On July 25, 2011, the Pittsburgh Pirates’ record stood at 53-47, good for a tie for first in the National League Central. Optimism around Pittsburgh was higher than it had been in almost two decades. Even if they didn’t make the playoffs, at least the Pirates had a good chance at finishing with the team’s first winning record since 1992.
But the team faltered badly down the stretch, losing 11 of its next 12 en route to a 19-43 finish that dropped the Pirates to fourth in the NL Central, 24 games behind first-place Milwaukee.
No playoffs. No winning season. No progress.
You can’t help but compare last year’s Pirates squad to this year’s bunch, who, at 60-44, have a four-game cushion in the NL wild card standings. But whereas last year’s success seemed like more of a fluke than anything, there are concrete reasons for the 2012 version’s success. Andrew McCutchen has played like an MVP, racking up an absurd line of a .373 batting average, .432 on-base percentage and .632 slugging percentage while Pedro Alvarez, the No. 2 pick in the 2008 draft, is finally living up to his potential with 21 home runs.
The pitching has been solid, too, as former castoffs James McDonald and A.J. Burnett — given up on by the Dodgers and Yankees, respectively — have been formidable at the top of the rotation. New addition Wandy Rodriguez figures to provide a boost as well.
There’s no doubt that the Pirates are better positioned to succeed this season, but if they cannot hold on and claim a playoff berth, then 2012 will end the same way 2011 did — as a failure.
Pittsburgh’s offense has raked so far in the second half, but take away McCutchen, Neil Walker and Garrett Jones, and no Pirate regular has an average above .235 or an OBP above .297. There’s no guarantee that any Pirate apart from McCutchen will continue to hit in 2013 or beyond, and with the current composition of the pitching staff, Pittsburgh will need to have an above-average offense to contend in the future. Even if phenom Gerrit Cole lands in the bigs next season, there’s no guarantee that he’ll be effective right away.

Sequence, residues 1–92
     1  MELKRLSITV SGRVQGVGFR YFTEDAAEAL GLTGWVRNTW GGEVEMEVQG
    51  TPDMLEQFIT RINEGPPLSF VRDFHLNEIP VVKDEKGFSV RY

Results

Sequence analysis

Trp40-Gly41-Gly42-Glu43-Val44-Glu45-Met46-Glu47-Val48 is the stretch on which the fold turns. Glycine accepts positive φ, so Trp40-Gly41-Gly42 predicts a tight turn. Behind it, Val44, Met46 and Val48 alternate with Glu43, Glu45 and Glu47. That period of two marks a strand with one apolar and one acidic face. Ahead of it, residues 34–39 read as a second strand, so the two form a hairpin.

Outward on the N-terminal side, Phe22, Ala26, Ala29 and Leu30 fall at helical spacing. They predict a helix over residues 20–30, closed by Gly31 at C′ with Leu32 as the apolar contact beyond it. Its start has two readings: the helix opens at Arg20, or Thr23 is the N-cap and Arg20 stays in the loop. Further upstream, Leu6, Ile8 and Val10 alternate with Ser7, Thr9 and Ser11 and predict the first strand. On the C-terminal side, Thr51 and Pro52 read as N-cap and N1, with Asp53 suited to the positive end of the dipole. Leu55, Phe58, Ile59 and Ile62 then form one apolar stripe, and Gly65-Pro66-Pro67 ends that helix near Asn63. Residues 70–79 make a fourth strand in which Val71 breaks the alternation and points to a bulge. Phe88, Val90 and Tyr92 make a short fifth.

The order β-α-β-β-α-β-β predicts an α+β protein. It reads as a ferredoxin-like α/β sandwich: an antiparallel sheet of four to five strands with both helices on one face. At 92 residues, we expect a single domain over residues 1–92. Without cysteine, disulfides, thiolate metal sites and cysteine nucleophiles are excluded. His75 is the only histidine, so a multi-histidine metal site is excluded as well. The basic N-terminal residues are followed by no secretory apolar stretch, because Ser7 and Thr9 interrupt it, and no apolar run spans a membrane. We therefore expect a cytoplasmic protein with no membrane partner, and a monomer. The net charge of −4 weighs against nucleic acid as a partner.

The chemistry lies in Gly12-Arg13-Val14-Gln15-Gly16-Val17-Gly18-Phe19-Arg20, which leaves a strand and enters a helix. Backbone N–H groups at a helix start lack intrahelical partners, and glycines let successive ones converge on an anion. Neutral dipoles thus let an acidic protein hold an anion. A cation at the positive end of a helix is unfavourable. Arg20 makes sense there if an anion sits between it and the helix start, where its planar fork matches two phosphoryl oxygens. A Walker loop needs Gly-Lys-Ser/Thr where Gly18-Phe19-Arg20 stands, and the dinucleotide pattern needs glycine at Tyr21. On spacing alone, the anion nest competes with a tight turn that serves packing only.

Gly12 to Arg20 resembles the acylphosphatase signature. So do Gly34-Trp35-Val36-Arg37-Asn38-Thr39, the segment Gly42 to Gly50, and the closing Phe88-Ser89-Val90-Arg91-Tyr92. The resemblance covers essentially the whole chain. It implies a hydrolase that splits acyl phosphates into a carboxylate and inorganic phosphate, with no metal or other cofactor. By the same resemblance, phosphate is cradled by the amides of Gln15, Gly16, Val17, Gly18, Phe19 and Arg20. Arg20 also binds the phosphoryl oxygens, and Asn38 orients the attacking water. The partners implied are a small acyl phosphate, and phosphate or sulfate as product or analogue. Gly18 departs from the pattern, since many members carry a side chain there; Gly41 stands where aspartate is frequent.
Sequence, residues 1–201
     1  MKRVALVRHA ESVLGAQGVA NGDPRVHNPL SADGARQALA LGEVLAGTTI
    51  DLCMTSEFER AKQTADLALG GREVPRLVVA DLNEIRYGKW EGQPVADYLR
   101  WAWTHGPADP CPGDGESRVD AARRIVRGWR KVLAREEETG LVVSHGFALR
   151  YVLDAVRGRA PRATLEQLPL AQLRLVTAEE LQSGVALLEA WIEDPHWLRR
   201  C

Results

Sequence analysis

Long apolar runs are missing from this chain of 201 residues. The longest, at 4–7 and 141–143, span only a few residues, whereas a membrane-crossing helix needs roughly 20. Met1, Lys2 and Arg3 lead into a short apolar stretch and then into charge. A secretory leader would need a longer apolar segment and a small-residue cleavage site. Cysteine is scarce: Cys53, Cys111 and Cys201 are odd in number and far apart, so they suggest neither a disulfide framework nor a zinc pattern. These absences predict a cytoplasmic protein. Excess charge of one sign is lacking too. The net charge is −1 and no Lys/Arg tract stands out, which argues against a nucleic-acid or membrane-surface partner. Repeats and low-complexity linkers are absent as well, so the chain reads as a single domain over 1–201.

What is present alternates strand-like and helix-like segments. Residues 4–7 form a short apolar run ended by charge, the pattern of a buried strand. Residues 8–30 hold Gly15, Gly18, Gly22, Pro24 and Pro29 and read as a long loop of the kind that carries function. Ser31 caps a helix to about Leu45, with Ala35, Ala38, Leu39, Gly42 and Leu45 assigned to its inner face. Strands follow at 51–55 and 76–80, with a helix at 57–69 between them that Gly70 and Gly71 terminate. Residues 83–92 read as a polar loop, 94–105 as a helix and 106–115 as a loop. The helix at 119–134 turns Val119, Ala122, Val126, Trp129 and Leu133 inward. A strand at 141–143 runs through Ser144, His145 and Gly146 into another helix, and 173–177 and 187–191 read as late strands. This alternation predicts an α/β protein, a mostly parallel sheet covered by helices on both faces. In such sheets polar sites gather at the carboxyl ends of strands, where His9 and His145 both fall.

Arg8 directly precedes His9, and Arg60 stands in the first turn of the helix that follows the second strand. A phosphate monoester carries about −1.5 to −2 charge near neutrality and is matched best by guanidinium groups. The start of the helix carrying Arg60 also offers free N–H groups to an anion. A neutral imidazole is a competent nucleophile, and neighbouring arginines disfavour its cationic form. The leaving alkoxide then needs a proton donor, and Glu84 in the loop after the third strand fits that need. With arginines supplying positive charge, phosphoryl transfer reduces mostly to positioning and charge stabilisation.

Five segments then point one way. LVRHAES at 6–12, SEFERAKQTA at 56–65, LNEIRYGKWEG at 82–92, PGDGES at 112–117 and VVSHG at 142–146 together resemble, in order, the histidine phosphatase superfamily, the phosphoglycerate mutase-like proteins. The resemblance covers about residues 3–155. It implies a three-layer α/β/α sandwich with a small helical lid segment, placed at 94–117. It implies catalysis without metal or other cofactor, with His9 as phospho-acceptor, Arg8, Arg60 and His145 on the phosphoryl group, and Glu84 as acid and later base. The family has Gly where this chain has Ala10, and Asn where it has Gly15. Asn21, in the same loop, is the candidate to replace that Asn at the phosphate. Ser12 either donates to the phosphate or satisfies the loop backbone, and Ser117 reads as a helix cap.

That’s why it’s so critical for the Pirates to seize the opportunity at hand. They have one of the game’s best players and play in a beautiful ballpark, and their fans would like nothing better than to be watching playoff baseball come October. But if Pittsburgh blows its four-game lead in the wild card, they will have shown that they still cannot conquer their biggest problem from 2011: the inability to play an entire season (Red Sox fans might know a thing or two about that, too).
The Pirates are not the Nationals, a team with a great young core poised to contend for several years. They’re a team on the knife’s edge — a successful 2012 could pave the way for the future, but another collapse could be a killer for a team that hasn’t seen success of any kind in 20 years.
The good news for Pirates fans is that Pittsburgh is far better prepared to sustain its early momentum in 2012 than it was in 2011. Even better, McCutchen is signed to a team-friendly contract through 2018.
However, when measuring a team’s progress, one of the most important indicators is whether a team has corrected its problems from the year before. Pittsburgh was in good position to make the playoffs in 2011. So, should they miss the playoffs — again — the Pirates cannot consider 2012 anything but a failure.